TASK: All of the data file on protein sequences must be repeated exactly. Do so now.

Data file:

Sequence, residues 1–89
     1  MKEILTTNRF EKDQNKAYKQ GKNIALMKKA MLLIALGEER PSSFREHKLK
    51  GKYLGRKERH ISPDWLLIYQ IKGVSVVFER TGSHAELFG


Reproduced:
Sequence, residues 1–89
     1  MKEILTTNRF EKDQNKAYKQ GKNIALMKKA MLLIALGEER PSSFREHKLK
    51  GKYLGRKERH ISPDWLLIYQ IKGVSVVFER TGSHAELFG